That seems to be the message some W.G.A. members have gotten. “Writing is a noble vocation,” says Charles Rogers, a writer and showrunner who is on strike in Los Angeles. “But the industry is set up to make writers feel like they should be grateful just to be here.” Employers then rely on employees’ indebtedness and the proverbial line of people out the door who would happily take their places to justify paying them less than they deserve.

The idea that employees work for something other than money is also pervasive in industries that are geared toward helping people, such as education. “Teaching is a calling,” tweeted Mayor Eric Adams of New York City a few weeks ago. “You don’t do it for the money, you do it because you believe in the kids that come into your classrooms.”

That may sound like reverence, but the New York City teachers’ union contract expired last September, and Mr. Adams has resisted pay increases that keep up with inflation. Teachers need better compensation, not platitudes celebrating teacher appreciation week.

In a 2018 paper, Fobazi Ettarh, who at the time was a librarian, coined a term for how the perceived righteousness of her industry obscured the issues that existed within it. Ms. Ettarh called the phenomenon vocational awe, which she defined as the belief that as a workplace, libraries were inherently good, and therefore supposedly beyond critique. When a workplace is seen as virtuous, she claimed, it’s easier for workers to be exploited. “In the face of grand missions of literacy and freedom, advocating for your full lunch break feels petty,” she wrote.

Ms. Ettarh had known she wanted to become a librarian since she was a teenager. When she was studying for her library science degree, her professors loved to wax poetic about how becoming a librarian is a calling and libraries serve as the last truly democratic institution.

But from the other side of the reference desk, she saw how the industry’s ideals concealed its low pay. In her first position out of grad school, Ms. Ettarh was told by her supervisor, “No one becomes a librarian to make a living wage.” (She was making $48,000 at the time.) She eventually left the industry.

During the pandemic, vocational awe was on full display from educators who were told that they were doing God’s work but also to make do with what they had to health care professionals who were deemed essential yet often not given compensation or protection commensurate with the severity of their work. The perceived righteousness of honorable industries covered up poor conditions like frosting on a burned cake.

While vocational awe is common in do-gooder professions, it can exist in any field that relies on the strength of its brand to distract from the reality of workers’ experiences. Take zookeeping, a profession where the average pay is $16.51 per hour, according to Indeed. Zookeeping is romanticized — you get to spend time with animals! — but also characterized by long hours, hard labor and cleaning up feces.

In a study, the organizational behavior researchers Jeffery A. Thompson and J. Stuart Bunderson found that following the calling to be a zookeeper led to trade-offs. “Fostering a sense of occupational identification, transcendent meaning and occupational importance on the one hand,” they wrote, offset “unbending duty, personal sacrifice and heightened vigilance on the other.” The researchers concluded that low pay, unfavorable benefits and poor working conditions are often the sacrifices workers make for the privilege of doing what they love.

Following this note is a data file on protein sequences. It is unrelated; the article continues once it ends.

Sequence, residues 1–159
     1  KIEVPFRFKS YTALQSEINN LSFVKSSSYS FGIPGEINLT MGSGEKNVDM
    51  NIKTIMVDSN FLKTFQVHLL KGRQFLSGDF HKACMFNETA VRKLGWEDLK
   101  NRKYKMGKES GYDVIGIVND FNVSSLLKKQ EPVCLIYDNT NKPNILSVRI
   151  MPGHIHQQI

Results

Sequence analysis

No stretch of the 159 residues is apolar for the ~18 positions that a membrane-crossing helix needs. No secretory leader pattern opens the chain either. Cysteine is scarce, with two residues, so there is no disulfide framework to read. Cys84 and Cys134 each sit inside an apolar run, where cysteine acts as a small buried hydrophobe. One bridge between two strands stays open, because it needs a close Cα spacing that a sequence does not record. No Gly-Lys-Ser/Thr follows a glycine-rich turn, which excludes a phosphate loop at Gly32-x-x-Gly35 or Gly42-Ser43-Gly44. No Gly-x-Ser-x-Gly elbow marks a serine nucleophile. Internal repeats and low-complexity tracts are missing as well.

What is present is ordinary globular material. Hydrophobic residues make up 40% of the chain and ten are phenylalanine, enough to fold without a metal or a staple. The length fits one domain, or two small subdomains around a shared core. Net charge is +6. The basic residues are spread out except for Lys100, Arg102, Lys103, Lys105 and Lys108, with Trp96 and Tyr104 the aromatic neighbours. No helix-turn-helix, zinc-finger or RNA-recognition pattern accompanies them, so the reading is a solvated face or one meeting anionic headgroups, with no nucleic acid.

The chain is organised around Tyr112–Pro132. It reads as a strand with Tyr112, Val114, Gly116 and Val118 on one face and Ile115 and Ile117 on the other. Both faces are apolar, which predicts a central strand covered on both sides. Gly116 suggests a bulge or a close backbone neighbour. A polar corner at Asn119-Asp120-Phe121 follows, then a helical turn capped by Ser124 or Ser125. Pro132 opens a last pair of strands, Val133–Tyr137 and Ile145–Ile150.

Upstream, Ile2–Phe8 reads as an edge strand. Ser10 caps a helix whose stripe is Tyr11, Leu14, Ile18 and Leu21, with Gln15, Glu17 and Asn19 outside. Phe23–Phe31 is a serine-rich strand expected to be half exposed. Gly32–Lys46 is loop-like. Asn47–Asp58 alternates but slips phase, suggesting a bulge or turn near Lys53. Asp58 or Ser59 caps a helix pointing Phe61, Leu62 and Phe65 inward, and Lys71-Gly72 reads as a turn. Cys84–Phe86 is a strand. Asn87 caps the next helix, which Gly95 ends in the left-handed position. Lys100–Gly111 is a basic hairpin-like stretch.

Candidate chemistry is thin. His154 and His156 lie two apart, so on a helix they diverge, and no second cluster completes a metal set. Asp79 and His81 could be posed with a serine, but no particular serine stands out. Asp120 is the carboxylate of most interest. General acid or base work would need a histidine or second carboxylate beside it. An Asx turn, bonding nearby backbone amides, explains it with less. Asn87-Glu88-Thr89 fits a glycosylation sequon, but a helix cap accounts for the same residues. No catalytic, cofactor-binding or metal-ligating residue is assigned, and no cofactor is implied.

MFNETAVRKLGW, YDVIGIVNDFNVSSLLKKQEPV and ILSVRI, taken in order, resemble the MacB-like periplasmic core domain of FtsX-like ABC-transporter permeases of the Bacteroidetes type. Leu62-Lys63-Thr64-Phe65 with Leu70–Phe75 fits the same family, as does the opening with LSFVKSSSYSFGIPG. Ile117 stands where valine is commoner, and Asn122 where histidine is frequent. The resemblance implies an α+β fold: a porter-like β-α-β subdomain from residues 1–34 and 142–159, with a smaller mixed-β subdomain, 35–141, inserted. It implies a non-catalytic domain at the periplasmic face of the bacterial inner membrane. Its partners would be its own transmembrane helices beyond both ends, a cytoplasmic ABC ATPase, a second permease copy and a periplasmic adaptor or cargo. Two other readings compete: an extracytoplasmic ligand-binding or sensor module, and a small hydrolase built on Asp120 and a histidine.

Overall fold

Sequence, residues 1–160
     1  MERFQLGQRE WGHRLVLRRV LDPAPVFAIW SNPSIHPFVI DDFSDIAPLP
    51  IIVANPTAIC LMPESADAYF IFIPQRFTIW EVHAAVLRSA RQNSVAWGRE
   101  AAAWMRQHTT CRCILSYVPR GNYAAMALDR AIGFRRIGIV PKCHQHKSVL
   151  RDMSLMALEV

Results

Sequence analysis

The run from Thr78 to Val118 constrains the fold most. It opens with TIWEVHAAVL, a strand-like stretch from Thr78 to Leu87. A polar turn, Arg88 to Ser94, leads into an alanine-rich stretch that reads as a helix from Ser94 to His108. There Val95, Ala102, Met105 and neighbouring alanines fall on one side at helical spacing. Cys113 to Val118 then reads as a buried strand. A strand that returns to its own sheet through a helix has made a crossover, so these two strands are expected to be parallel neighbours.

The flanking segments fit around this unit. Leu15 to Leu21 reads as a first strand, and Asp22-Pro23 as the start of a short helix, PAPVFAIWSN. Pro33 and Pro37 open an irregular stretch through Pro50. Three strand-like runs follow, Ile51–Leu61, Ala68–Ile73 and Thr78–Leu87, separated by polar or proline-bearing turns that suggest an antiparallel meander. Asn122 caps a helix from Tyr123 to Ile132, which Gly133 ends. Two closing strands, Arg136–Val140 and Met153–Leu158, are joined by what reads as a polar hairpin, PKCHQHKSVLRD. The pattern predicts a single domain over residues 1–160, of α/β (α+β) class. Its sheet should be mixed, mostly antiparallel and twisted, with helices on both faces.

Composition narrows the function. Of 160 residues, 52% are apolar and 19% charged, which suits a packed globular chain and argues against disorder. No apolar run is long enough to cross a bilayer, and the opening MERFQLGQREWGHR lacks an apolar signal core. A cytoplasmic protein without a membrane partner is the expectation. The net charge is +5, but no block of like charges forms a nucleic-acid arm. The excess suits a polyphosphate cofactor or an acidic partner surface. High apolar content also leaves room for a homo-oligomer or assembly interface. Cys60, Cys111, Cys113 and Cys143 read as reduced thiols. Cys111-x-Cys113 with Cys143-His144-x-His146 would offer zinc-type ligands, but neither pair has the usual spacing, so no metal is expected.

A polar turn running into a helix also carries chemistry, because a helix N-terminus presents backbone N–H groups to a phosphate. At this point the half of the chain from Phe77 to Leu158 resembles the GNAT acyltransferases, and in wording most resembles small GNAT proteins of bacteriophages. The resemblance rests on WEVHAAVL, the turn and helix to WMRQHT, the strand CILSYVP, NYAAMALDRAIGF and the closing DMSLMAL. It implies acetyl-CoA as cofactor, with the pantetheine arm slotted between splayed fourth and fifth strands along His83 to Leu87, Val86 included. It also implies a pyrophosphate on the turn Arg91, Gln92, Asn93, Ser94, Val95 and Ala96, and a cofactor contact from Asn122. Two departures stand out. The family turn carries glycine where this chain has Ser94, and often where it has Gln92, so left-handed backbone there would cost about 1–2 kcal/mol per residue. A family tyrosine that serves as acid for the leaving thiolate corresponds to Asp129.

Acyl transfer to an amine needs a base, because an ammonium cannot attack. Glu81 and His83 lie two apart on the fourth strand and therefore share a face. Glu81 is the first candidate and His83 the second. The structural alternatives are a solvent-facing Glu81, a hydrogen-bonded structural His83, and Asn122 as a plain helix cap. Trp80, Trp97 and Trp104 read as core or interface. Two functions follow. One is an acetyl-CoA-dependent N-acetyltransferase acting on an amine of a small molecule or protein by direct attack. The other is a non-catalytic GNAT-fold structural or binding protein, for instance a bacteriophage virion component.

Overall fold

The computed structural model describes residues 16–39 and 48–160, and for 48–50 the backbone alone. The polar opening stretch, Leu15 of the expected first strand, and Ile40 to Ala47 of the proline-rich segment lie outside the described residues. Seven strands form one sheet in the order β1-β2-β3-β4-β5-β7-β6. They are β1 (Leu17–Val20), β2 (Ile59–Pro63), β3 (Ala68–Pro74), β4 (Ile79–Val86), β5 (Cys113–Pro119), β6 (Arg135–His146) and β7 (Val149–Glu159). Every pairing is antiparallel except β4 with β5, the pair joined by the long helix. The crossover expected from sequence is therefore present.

This sense of duty and personal sacrifice can conflate workers’ output and their self-worth, as I chronicle in my new book, but it can also have a chilling effect on their willingness to surface wrongdoing. When you’re in a great job — one that you feel lucky to have — the fear of losing it can make it harder to speak up.

But thankfully, workers are recognizing their collective strength. Employees at workplaces across the country have organized and are fighting for better conditions.

In Hollywood, it’s the screenwriters demanding more job security and a better cut of residuals. In Ann Arbor, Mich., graduate students at the University of Michigan are also on strike, demanding a raise in minimum annual salaries from about $24,000 to $38,500. In Oregon, nurses are calling for staffing increases to better serve patients.

And they have a lot of support. Seventy-one percent of Americans approve of labor unions, according to a Gallup poll from last year, which is their highest recorded approval rate in the United States since 1965.

As Ms. Ettarh told me, “Workers are seeing that unless they work together to fight back, institutions will grind them to dust.” For starters, employers can recognize that we work for more than love.





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Well my state is Michigan.

We're surrounded by the world's largest supply of fresh water and we can pretty much grow all of the food we need that is necessary for survival.
In the northern more desolate parts of the state....we got plenty of deer, moose, and rabbits and shit running around wild.

We have so much land and natural resources we can support a population of atleast 50 million people if necessary.

....so we good, lol.


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Every state in the union should be able to stand on its own.


Federal funds should only required to offset shortfalls in state budgets.


Of course, fiscal management is a different kettle.😎